For more information on exactly what a shallot is, you should read the Wikipedia article. I don’t really care what family or species of Allium plant they are – I just know that they are nice to have around. They look a little like oversized garlic cloves with purple skins. The smell and taste is pretty close to right in the middle between onions and garlic. And, oh yes, their fumes will turn you into a crybaby (try and chill them before mincing, that helps).

One of nice things about shallots is that they can keep for a rather long period of time without going bad. I usually store them outside in the kitchen for a few weeks, and then toss them in the bottom shelf of the fridge afterwards for the long haul. This is great for Cheap Eaters who try to have a good amount of “staple” type foods that don’t go bad so fast. I have kept them up to at least a month with no ill effects. Longer than that, and I started to see deterioration and/or the growth of shoots or mold.

Shallots on Cheap Eats at Bloglander

Peeling a shallot can be a bit tricky. The skin is papery and a bit thinner than a normal onion. If it isn’t loose and easy to peel, it can be tough to get off. Sometimes I whack it with a knife in the manner you would garlic – that’s fine if you’re going to mince them anyhow. Also, cutting off the ends of each clove may make them easier to peel. Inevitably, I have a few where I actually peel off the outer layer of shallot on accident along with the skin. I was wondering – anyone have any tips on peeling these buggers?

Shallots can be a bit on the pricier side compared to garlic and onions. I often get them for cheaper in a bulk bag at ethnic markets. However, because you only need to use a small amount (usually 1 or 2 shallots is plenty for a recipe) and because of their longevity in storage, I’m inclined to consider them cheaper eats than many other types of vegetables.

As I said before, my primary use for them is in gravy. One other great idea is to introduce a little bit in any recipe that calls for garlic and onions. That way, you get what I like to call a “triple threat of oniony goodness“. I’ve used that technique in spaghetti sauce and chili beans. I put 1-2 shallot cloves minced along with the garlic and onions. Maybe it’s all the fumes from the oniony goodness getting to my brain, but it seems like the flavor palette expands to encompass a wider array of taste structures. Haha, that’s so rich. I should write a book.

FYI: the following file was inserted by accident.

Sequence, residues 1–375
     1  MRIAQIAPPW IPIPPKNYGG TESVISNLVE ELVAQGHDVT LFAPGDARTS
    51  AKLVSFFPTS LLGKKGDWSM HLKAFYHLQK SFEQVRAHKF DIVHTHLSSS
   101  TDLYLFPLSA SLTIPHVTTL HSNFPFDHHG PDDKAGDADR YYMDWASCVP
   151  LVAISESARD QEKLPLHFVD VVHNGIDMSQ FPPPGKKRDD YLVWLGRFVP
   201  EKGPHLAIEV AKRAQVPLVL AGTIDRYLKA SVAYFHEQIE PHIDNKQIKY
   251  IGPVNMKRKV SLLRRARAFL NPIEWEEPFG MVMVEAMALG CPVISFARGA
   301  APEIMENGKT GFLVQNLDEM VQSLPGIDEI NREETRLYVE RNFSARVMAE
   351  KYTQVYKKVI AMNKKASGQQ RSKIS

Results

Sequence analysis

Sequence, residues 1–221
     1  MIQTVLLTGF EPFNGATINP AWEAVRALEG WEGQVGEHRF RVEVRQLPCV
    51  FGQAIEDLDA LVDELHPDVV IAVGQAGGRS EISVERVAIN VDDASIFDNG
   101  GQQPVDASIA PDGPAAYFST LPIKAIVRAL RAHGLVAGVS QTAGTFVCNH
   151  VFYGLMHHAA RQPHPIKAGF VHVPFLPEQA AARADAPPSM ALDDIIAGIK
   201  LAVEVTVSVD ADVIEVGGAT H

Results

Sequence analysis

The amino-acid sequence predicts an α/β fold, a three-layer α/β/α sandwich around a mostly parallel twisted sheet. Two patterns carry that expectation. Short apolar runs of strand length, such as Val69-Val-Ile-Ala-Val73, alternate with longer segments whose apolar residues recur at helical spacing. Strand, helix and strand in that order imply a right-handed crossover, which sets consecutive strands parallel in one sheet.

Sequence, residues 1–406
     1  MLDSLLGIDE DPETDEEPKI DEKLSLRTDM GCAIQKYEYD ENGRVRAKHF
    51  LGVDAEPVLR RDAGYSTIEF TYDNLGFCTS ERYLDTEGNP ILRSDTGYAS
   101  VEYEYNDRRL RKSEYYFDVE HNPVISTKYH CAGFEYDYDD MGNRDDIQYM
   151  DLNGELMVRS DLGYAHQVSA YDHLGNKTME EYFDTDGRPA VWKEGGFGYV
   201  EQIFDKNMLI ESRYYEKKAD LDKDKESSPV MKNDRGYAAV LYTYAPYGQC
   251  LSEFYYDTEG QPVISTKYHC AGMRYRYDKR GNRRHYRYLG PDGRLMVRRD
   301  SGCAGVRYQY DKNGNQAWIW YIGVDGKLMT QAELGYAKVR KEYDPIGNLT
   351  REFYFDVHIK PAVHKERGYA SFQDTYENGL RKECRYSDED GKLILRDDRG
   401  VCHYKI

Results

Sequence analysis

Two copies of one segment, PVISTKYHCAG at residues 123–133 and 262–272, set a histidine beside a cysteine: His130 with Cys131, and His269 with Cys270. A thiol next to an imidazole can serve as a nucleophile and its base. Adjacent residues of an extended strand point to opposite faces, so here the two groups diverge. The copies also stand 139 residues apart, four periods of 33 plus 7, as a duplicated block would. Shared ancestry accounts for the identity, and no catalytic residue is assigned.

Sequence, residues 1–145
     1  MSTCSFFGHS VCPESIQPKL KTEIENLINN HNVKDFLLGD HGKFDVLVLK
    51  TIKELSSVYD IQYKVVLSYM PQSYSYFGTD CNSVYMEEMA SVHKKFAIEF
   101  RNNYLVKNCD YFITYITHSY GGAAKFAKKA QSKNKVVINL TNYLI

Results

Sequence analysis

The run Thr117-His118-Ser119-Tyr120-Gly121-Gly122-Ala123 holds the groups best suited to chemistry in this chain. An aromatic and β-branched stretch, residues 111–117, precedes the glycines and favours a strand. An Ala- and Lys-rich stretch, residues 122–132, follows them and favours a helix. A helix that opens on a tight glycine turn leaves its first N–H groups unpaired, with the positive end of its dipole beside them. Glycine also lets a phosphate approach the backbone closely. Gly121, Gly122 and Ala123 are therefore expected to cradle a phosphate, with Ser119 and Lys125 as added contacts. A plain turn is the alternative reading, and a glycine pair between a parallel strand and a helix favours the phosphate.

Another way to use it is in a haricot verts (green beans) type of dish with tomatoes. I know a lot of people also deep-fry slices, similar to french-fried onions, and use it as a topping for things like soup. I haven’t seem them used raw in salsa yet, but I’ve wondered if they’d work there.

As always, I’m looking to expand my shallotty ways. I’d like to know if you have any great uses for them – please comment below if so.


[ Currently Eating: Peppermint Tea And Lots Of It ]

Banquet AGAIN on Cheap Eats at Bloglander

Hello there, from the trenches of budget frozen dinner meal warfare. I’ve sort of attempted to stay away from the Banquet frozen dinners for the past couple years.

One reason is that whenever I write a review on one of their meals, inevitably I get bombarded with 10 emails from disgruntled frozen dinner consumers who think that WE are the company. Me: “Sorry, I’ve no idea why you ended up with gristle in your Fried Chicken Meal.”